Fresh riots reported in Burkina Faso
State TV says ruling party offices and prime minister's house in Koudougou attacked, amid mutiny by soldiers over pay.
Last Modified: 18 Apr 2011 18:28
A curfew was imposed in Ouagadougou, the Burkinabe capital, on Saturday following unrest on the streets [AFP]

Burkina Faso's state TV says students have burned down the ruling party headquarters and prime minister's house in the central city of Koudougou, the Associated Press reports.

The incidents coincide with a mutiny by soldiers that started in the west African country's capital, Ouagadougou, last week and that has spread north and east.

Before Monday's protests, students demonstrated in Koudougou in February and March over a jailed student who they said died because of poor police treatment. Those demonstrations left five people dead.

Mutinous soldiers rampaged on Sunday through a southern town as the revolt against Blaise Compaore, the West African nation's ruler, entered its fourth day.

Soldiers at a military garrison in Po, near the Ghana border, fired in the air, looting and seizing private vehicles, residents told the AFP news agency.

Two people were injured in the firing, a hospital source said.

Click here for more of our special coverage

Po, about 140km south of Ouagadougou, houses a training school for Burkinabe military officers.

The government said the soldiers were protesting over payment of housing and daily food allowances.

"These were young soldiers and there were at least 300 of them," another resident of the town told the Reuters news agency.

"They are moving through town and they continue to fire in the air. They are taking people's motorbikes and cars and breaking up shops," he said.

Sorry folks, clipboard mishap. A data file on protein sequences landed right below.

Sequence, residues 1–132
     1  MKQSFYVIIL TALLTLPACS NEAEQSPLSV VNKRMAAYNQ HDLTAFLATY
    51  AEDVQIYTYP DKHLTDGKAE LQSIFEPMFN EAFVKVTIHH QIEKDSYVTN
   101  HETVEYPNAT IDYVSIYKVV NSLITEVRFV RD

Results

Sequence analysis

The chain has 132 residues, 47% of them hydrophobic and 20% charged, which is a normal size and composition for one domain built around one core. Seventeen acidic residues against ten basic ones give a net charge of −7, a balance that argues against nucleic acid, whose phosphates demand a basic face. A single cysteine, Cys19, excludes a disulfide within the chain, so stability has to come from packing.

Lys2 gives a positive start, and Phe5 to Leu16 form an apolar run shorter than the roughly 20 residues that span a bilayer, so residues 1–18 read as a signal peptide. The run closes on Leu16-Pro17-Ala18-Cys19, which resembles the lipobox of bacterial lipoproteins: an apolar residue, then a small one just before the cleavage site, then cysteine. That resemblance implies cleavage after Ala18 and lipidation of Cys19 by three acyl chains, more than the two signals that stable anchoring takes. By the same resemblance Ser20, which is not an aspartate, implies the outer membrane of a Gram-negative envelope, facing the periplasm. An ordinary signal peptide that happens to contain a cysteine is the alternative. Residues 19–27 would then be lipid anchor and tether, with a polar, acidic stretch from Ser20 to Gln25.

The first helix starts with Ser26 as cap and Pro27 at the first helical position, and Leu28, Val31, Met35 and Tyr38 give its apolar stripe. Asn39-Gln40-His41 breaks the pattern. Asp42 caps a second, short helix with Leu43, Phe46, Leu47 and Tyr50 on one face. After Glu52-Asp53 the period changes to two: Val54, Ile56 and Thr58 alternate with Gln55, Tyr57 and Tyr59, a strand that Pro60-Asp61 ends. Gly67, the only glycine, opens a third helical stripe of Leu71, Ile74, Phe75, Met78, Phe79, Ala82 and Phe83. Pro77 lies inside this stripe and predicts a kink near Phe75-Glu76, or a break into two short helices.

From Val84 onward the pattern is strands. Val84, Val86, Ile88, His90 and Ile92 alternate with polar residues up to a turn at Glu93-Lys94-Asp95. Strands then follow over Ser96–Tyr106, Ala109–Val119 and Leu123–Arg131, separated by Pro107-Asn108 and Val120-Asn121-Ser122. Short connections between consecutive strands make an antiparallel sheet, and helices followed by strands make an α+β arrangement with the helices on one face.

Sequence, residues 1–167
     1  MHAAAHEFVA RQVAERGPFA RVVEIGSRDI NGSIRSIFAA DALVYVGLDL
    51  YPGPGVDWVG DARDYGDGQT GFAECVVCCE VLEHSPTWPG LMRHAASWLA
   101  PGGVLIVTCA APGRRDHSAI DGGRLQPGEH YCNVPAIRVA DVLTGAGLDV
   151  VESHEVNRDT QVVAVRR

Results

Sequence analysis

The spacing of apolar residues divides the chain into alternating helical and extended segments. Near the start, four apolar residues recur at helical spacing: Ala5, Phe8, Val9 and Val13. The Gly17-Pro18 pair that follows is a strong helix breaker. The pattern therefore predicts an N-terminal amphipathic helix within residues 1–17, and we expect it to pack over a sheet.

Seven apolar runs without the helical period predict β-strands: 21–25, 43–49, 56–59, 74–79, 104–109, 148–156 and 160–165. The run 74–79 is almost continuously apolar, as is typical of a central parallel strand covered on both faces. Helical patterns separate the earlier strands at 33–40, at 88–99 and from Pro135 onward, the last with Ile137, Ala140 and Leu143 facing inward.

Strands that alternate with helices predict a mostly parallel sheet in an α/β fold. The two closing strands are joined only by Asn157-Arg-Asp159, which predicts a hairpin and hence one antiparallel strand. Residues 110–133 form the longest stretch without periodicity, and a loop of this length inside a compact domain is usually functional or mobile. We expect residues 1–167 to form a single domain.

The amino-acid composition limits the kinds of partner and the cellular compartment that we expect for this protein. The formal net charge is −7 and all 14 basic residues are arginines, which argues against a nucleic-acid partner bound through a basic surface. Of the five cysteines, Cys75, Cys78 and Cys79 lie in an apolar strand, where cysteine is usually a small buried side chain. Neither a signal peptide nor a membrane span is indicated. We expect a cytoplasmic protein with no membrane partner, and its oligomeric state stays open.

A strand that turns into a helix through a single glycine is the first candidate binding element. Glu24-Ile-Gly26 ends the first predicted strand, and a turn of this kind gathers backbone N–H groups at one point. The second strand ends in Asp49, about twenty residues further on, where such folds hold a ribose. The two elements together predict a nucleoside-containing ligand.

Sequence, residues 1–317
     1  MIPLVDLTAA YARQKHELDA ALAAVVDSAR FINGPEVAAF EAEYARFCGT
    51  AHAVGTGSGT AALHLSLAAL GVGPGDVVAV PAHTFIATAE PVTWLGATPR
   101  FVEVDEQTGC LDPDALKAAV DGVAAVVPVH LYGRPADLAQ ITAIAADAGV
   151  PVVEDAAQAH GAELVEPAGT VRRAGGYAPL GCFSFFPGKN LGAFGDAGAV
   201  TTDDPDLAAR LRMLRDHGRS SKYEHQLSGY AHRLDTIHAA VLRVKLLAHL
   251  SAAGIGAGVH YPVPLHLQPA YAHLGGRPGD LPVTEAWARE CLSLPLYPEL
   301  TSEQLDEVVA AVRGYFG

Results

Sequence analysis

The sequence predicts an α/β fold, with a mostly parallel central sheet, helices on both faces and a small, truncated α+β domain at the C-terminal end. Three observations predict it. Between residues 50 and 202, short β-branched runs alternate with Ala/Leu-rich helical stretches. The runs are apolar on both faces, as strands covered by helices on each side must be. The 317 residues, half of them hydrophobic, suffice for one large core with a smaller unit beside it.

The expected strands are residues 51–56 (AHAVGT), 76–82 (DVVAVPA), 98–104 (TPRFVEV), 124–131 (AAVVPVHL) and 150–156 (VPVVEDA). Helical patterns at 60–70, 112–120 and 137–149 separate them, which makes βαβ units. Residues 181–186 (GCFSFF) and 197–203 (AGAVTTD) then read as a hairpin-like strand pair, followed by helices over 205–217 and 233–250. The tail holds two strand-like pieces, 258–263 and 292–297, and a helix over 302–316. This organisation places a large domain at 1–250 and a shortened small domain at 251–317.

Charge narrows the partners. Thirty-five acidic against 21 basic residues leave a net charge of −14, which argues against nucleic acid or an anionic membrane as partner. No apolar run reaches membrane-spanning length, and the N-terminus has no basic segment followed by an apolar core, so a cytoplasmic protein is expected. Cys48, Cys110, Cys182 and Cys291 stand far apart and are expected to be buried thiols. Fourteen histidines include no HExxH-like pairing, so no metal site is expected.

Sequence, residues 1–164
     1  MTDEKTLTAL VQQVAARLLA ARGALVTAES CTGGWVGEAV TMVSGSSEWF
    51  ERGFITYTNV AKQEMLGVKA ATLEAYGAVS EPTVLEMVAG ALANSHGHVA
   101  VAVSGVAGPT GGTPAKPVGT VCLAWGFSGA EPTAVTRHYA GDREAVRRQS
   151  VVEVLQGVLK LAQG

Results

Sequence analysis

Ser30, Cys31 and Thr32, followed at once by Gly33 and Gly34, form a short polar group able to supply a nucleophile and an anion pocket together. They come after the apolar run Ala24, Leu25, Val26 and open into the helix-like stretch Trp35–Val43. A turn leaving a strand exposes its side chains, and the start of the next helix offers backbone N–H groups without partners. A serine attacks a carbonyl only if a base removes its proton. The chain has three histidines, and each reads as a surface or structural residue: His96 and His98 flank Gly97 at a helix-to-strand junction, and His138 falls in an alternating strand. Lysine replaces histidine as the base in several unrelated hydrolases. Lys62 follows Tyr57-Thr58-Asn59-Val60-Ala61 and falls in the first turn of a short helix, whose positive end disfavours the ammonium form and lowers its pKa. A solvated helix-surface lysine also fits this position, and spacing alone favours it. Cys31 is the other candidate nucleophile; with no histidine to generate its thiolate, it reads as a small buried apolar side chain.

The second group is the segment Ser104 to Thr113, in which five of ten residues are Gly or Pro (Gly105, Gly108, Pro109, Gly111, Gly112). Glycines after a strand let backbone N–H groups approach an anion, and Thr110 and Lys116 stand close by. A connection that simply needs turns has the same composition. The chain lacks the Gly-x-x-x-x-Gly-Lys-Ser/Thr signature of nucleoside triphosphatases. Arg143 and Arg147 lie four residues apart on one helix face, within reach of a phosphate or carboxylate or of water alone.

Compaore's government warned on Sunday that it would take action against anyone using illegal arms with "the full force of the law".

"For several days, soldiers and civilians ... have been using firearms in violation of regulations," the security ministry said in a statement.

"This state of affairs will not be tolerated in a state with the rule of law."

The security ministry said it was demanding "strict respect for rules on the use of military and civilian arms and munitions" and warned that "all offenders will face the full force of the law".

Nights of looting

Soldiers in Ouagadougou began shooting at the presidential compound late on Thursday, sparking two nights of looting by soldiers.

Hundreds of traders rioted and set fire to the headquarters of the ruling party on Saturday, in protest against the soldiers looting their shops.

The mutiny has prompted Compaore to sack his government, the army chief and his head of presidential security.

Compaore, who came to power in a 1987 military coup, has faced a series of protests since February, staged first by students and then by soldiers.

He won a new five-year term in office after taking 80 per cent of the votes in November elections. Burkina Faso ranks 161 out of 169 countries on the UN Human Development Index, a composite measure of the quality of life.

Topics in this article
Featured on Al Jazeera
Muslim volunteers face questioning and threat of arrest, while aid has been disrupted or blocked, charities say.
Six months on, outrage and sorrow over the mass schoolgirl abduction has disappeared - except for families in Nigeria.
ISIL combatants seeking an 'exit strategy' from Mideast conflict need positive reinforcement back home, analysts say.
European nation hit by a wave of Islamophobia as many young fighters join ISIL in Syria and Iraq.
Lack of child protection laws means abandoned and orphaned kids rely heavily on the care of strangers.
At least 25 tax collectors have been killed since 2012 in Mogadishu, a city awash in weapons and abject poverty.
Since she was 16-years-old, Scottish Nationalist Party's Sturgeon has strove for independence from the UK.
Armed group's ransom success with German hostages marks a re-emergence, as authorities investigate ISIL links.
Western nations are moving into the resource-rich country after decades of disinterest, challenging China's interests.